Johns Hopkins Mathematician from B-N Breaks Barriers and Wins Research Grant
Bloomington-Normal native Emily Riehl found her passion early on. Before graduating University High School, her teachers recognized her gift in mathematics.
“One of my teachers, her name is Dr. Carol Benson, realized that I might want to become a mathematician a year or so before I did,” said Riehl.
Taking her teacher’s advice, Riehl doubled up on courses at Illinois State University as a young high school student.
“And then I realized this is what I wanted to do with the rest of my life. So I'm very grateful to her and everyone else for steering me in the right direction,” said Riehl.
The next chapter of Riehl’s life is nothing short of impressive. After high school, Riehl was accepted to Harvard, got her master’s degree at Cambridge University, her Ph.D. at the University of Chicago, and returned to Harvard as a postdoctoral fellow.
Today, she is an associate mathematics professor at Johns Hopkins University.
"Neither Harvard nor Chicago had any female research faculty when I was a student there."
“I was very lucky in that I knew what I wanted to do for a career before I started college, and you know, that's not most people's experience. And I wanted to go to a school that I thought had the best undergraduate mathematics program, which is why I went to Harvard.”
Riehl’s achievements don’t end there. In January, she was the recipient of The President’s Frontier Award, a $250,000 grant awarded to one person for scholarly achievement.
“It's a huge honor. The person who received the award last year was a well-renowned physicist, and to imagine myself in the company of people like that was a huge honor. And it was a complete surprise. You know, I knew I was one of the finalists, but I had no expectation of actually getting the award,” said Riehl.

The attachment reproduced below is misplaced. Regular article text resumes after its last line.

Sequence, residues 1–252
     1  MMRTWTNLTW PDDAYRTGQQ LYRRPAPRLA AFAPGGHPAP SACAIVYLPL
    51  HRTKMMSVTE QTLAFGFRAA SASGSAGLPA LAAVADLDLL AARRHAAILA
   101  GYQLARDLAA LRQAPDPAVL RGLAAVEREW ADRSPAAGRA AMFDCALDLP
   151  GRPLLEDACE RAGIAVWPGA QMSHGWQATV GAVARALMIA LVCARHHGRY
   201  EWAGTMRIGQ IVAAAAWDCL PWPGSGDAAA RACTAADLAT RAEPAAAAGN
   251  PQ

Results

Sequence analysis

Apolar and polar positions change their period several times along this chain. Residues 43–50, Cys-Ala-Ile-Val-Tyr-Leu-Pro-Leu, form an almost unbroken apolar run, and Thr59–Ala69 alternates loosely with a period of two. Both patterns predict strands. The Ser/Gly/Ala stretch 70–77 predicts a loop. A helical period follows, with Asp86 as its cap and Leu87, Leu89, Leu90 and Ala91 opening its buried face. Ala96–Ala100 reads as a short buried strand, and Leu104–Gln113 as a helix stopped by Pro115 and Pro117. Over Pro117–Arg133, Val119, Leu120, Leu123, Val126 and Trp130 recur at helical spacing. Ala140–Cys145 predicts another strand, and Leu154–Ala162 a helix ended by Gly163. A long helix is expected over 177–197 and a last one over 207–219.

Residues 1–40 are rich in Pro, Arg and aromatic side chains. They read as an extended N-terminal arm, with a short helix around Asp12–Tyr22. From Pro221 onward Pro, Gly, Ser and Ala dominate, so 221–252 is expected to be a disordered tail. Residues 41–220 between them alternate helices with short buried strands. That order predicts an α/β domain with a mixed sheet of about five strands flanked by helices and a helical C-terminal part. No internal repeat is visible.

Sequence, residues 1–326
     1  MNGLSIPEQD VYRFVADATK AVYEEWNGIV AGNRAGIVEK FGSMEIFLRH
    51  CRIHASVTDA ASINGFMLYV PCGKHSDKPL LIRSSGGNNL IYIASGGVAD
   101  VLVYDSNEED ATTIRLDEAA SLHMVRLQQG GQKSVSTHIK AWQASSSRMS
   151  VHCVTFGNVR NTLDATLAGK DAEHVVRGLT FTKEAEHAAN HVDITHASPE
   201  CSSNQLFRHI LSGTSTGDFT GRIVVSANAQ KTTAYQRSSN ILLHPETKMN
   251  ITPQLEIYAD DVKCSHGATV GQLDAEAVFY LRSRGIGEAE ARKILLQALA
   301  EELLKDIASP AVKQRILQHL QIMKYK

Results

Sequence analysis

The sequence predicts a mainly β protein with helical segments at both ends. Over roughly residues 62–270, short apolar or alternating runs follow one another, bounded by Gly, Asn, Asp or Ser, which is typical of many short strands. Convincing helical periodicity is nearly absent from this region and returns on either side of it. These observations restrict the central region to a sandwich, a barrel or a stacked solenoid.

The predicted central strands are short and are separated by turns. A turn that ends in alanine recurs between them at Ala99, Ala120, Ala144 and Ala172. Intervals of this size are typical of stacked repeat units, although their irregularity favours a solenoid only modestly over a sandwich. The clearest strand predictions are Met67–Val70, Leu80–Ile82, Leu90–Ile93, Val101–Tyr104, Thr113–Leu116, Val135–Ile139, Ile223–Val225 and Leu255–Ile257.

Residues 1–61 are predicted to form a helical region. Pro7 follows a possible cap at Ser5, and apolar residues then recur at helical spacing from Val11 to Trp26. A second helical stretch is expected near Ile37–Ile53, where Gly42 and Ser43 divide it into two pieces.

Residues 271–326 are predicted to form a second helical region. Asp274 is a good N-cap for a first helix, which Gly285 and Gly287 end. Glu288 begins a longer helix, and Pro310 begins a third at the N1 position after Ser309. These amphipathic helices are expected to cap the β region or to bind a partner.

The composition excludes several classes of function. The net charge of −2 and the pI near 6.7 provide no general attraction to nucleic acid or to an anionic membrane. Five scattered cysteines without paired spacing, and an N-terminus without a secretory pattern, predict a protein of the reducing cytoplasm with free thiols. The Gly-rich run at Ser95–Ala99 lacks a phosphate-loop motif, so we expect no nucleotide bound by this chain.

The grant is used to fund the recipient’s research efforts. For Riehl, that is category theory.
“Mathematicians are in the business of proving theorems,” said Riehl. “Category theory is kind of a meta mathematical language that describes common patterns of mathematical thoughts. So I'd like to think of the work I'm doing is making it easier for mathematicians in related areas to prove the theorems that they're really after.”
Riehl and her female colleagues make up only 20% of the faculty at Johns Hopkins University.
“Neither Harvard nor Chicago had any female research faculty when I was a student there,” said Riehl.
But that didn’t deter Riehl from pursuing her dreams and promoting change. As a member of the LGTBQ community, she works to validate the many perspectives and identities that make up her classroom.
“This isn't something that comes up naturally in a mathematics classroom, but it is important to me to be out on campus so that my students know that there's an ally in the classroom,” said Riehl.
Through her teaching, accomplishments, and advocacy outside the classroom, Riehl is breaking barriers for women and LGBTQ individuals in STEM, providing her students a sense of belonging in the field.
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